The objective of investing in racial literacy across your entire institution is to capture the full history of this country, as it’s told from every side. Access to a full history helps to develop everyone’s critical consciousness (see El-Amin et al., 2017) to better analyze and understand the roots of inequality that resulted in some students being the first in their families to attend college in the year 2020 and in others being unable to name a generation where a college degree wasn’t part of their family history.
When students, staff, faculty, and administrators share a baseline of racial literacy and cultural competency, real discourse can take place. These critical conversations will help to challenge stereotypes and help create spaces where first-generation students and BIPOC students can be seen and treated as their full selves, without having to filter or withhold parts of their identity for the comfort of the white majority on their campuses.
As with all bold transformations, these changes will require time, care, resources, and perpetual learning. Who better to lead the way than leaders in learning?
Cataldi, E. F., Bennett, C. T., & Chen, X. (2018, February). First-generation students: College access, persistence, and postbachelor’s outcomes. National Center for Education Statistics. https://nces.ed.gov/pubs2018/2018421.pdf
Center for First-Generation Student Success. (n.d.). First-generation college students: Demographic characteristics and postsecondary enrollment [Fact sheet]. National Association of Student Personnel Administrators. https://firstgen.naspa.org/files/dmfile/FactSheet-01.pdf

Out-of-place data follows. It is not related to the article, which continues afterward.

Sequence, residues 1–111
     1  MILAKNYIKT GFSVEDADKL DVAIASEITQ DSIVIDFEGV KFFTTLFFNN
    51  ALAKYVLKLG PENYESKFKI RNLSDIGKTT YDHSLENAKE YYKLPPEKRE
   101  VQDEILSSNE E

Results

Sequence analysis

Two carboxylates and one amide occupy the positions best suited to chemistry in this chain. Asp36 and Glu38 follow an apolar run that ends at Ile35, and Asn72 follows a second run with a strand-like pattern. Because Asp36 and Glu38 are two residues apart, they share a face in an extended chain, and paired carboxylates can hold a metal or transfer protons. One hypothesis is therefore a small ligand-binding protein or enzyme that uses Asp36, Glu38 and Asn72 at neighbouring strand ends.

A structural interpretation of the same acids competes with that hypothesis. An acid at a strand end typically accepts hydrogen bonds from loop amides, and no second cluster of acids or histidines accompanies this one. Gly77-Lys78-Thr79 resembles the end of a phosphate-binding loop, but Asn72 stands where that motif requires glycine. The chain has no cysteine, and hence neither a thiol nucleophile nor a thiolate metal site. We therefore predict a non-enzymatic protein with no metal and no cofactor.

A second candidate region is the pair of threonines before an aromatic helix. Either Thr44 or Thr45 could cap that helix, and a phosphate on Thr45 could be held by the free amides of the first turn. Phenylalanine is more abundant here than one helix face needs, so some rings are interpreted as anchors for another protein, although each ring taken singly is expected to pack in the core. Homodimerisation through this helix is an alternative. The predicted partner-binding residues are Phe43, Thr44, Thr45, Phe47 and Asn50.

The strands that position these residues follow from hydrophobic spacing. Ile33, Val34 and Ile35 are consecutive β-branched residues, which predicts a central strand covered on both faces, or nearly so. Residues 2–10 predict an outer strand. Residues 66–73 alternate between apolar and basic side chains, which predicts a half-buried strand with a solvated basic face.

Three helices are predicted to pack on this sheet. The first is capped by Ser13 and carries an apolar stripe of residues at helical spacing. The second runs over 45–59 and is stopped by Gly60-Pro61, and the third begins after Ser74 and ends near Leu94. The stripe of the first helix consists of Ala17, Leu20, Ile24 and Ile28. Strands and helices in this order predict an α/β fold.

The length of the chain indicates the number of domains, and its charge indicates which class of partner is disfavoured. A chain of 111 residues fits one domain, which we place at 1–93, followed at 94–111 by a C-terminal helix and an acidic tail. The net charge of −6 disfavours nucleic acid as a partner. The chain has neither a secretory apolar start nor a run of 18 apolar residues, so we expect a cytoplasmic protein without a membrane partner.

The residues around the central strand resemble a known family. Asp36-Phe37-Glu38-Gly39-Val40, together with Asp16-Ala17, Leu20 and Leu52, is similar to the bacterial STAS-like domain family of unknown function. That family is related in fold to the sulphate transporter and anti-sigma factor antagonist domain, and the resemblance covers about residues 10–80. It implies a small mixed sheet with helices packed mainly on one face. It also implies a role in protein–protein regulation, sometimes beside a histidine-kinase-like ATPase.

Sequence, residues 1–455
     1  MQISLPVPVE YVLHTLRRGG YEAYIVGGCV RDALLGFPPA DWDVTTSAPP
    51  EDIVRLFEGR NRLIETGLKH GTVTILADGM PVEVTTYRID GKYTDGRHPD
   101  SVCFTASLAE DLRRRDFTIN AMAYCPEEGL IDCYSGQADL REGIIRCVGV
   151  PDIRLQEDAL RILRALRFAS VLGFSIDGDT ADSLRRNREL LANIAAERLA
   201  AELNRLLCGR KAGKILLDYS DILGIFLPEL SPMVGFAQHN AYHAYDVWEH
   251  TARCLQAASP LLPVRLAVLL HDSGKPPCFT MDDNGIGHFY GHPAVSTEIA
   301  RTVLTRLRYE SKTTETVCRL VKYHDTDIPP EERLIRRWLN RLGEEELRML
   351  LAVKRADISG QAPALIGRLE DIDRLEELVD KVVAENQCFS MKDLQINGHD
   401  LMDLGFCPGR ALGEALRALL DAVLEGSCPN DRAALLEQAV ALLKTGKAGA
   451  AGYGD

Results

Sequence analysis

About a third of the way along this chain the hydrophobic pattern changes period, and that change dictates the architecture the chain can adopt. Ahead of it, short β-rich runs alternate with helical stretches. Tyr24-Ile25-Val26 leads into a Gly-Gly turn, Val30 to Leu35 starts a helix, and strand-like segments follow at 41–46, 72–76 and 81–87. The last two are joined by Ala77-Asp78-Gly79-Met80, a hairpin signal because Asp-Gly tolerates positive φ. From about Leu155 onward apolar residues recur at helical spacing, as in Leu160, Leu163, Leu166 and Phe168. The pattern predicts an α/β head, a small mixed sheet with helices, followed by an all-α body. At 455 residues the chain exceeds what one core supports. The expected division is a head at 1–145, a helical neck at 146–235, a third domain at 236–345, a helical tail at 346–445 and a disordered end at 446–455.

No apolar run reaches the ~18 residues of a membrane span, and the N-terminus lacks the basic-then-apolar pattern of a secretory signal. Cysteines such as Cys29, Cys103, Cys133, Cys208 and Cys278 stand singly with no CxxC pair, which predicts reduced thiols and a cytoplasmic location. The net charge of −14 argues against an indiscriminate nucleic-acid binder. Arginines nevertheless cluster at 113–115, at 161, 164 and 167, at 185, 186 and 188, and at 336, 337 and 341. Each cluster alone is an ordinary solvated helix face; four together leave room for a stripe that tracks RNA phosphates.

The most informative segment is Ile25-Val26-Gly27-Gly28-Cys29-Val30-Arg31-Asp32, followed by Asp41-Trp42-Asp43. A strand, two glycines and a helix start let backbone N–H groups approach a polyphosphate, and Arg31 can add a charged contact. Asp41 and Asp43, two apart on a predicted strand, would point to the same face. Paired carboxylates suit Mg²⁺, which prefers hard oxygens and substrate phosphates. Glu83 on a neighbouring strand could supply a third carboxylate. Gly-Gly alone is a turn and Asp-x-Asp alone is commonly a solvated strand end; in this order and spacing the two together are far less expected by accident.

EAB. (2019, April 29). 90% of low-income, first-generation college students don’t graduate on time. https://eab.com/insights/daily-briefing/student-success/90-of-low-income-first-generation-college-students-dont-graduate-on-time
El-Amin, A., Seider, S., Graves, D., Tamerat, J., Clark, S., Soutter, M., Johannsen, J., & Malhotra, S. (2017, February 4). Critical consciousness: A key to student achievement. Phi Delta Kappan. https://kappanonline.org/critical-consciousness-key-student-achievement
Frey, W. H. (2018, March 14). The US will become “minority white” in 2045, Census projects. https://www.brookings.edu/blog/the-avenue/2018/03/14/the-us-will-become-minority-white-in-2045-census-projects
New anti-racism course aims to inspire paths of scholarly activism and Black study. (2020, August 20). Pittwire. https://www.pittwire.pitt.edu/news/new-anti-racism-course-aims-inspire-paths-scholarly-activism-and-black-study
Reyes, D. V. (2019, March 8). Racial literacy as a curricular requirement. Inside Higher Ed. https://www.insidehighered.com/advice/2019/03/08/colleges-should-have-required-core-curriculum-racial-literacy-opinion
AiLun Ku is president and CEO of the Opportunity Network. She previously worked at NYU’s Robert F. Wagner School of Public Service, the Equal Justice Initiative, and the Research Center for Leadership in Action, among other social impact organizations. She received her MPA from NYU Wagner.